We believe the FCA can deliver further improvements to the experiences of vulnerable customers
We welcome the opportunity to respond to this consultation on the Financial Conduct Authority’s (FCA) Future Approach to Consumers.
StepChange Debt Charity is the largest specialist debt advice charity helping people across the UK. In 2017, we helped 620,000 people with their debts.
Through our services, we see how a combination of adverse circumstances, poor options and the conduct of financial services providers can increase consumers’ vulnerability to debt and make financial difficulties harder to deal with.
In the first half of 2017, we supported 14,484 people who identified as vulnerable, representing 17.6% of the total number of telephone clients during that period. We therefore welcome the FCA’s Consumer Approach document, and the ambition set out in this to improve outcomes for consumers, particularly those who are vulnerable.
The Consumer Approach builds on important progress in recent years
The FCA’s Occasional Paper on Consumer Vulnerability and subsequent work have impacted not only on the financial services sector, but have also led to positive impacts in other sectors, which have followed the lead of the FCA. In some cases, these sectors have begun to go further, for example Ofgem’s introduction of a generalised principle of vulnerability into its rules. This shows how important it is that the FCA continues to prioritise vulnerable consumers, and lead the way in improving how firms identify and respond to their needs.
The Consumer Approach document challenges us all to think carefully about complex issues regarding vulnerability and regulation. This is much needed and we appreciate the willingness of the FCA to have genuine conversations and consultation on how to get the right outcomes for vulnerable consumers, and create a market that works for them.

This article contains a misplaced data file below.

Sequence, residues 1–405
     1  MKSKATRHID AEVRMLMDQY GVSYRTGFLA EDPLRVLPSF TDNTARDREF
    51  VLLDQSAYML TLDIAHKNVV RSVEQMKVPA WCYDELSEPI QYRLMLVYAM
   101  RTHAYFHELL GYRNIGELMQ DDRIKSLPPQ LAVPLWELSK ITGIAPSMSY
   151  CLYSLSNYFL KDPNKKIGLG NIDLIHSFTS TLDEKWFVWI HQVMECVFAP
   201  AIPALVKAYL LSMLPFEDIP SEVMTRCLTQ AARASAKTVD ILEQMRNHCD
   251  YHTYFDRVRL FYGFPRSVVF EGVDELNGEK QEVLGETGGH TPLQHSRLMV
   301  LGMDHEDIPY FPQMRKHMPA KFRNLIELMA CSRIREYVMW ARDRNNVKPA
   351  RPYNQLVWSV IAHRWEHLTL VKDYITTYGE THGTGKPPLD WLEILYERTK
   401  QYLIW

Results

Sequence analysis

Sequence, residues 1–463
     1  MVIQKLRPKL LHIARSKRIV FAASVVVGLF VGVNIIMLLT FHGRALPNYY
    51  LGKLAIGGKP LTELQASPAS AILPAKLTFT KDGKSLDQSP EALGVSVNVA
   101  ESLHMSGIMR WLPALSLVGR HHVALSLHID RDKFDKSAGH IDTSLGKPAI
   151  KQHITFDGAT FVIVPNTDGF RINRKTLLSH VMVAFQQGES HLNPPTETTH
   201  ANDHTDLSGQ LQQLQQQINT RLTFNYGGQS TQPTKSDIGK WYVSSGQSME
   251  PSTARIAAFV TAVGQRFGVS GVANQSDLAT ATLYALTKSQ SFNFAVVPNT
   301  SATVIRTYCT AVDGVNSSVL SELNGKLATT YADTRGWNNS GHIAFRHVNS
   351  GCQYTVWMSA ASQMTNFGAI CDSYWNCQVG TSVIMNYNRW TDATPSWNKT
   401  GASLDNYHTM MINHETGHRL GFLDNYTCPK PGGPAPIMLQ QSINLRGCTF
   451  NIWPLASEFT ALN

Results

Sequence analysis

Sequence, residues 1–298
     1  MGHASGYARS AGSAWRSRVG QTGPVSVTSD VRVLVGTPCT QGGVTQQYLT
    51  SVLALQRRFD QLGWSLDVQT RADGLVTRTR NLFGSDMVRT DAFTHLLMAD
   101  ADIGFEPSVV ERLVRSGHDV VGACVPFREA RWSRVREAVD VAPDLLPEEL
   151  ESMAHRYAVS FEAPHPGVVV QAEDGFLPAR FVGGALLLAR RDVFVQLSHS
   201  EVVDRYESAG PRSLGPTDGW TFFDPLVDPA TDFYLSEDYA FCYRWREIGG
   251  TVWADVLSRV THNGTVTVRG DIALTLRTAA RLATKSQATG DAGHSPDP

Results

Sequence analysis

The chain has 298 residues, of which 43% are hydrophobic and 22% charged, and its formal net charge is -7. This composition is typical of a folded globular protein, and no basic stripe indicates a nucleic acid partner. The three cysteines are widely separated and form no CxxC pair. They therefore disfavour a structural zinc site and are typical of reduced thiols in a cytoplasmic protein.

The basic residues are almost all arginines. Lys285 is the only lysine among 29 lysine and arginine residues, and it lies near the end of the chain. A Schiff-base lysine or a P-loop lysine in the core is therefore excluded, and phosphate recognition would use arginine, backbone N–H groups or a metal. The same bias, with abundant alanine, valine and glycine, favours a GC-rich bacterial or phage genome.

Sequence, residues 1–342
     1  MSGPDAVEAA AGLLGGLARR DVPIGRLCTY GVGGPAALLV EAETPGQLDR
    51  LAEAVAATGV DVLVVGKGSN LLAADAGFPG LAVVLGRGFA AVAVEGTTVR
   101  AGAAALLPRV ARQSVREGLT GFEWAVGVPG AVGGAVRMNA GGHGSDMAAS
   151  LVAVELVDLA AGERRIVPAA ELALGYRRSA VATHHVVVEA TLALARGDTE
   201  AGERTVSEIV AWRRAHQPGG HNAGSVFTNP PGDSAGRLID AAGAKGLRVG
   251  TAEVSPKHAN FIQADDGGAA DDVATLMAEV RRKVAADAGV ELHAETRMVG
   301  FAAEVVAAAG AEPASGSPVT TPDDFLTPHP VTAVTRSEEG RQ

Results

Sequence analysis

To achieve this, we all need to understand and view the market from the perspective of vulnerable consumers
As we will set out in our response, by considering the vision for a well-functioning market in this way, and adopting a more social model of disability, we believe the FCA can build on the progress to date and deliver further, necessary improvements to the experiences of vulnerable consumers.
Finally, by framing the vision set out in the Consumer Approach as ‘aspirational’, we are concerned that the FCA may be undermining the vast progress made to date and the potential for further improvements to be made. Whilst we appreciate this is not the intention, it suggests a market which protects consumers, particularly those who are vulnerable, can only be ‘aspired to’ rather than delivered.
We hope that, going forward, the FCA will give a clear expectation that this vision is achievable, and will be worked towards as a priority. As we set out in our response, we believe this should include:
- Making it clear that consumers cannot be expected to take responsibility in all situations – particularly where they may be vulnerable, or where there is complexity or uncertainty. This includes making it clear that a consumer cannot take responsibility unless a firm has treated them fairly.
- Recognising the role that firms’ relationship with their customers can play in exacerbating vulnerability, and therefore the importance of firms proactively identifying vulnerable individuals and designing products and services that meet their needs.
- Rethinking the proposed new definition of vulnerability set out in the Approach document so that it builds on, rather than risks, the progress that has been made to date.
- Ensuring vulnerable consumers are given appropriate weight in cost-benefit analysis.
- Making clear what a well-functioning market means for vulnerable consumers, and measuring against this.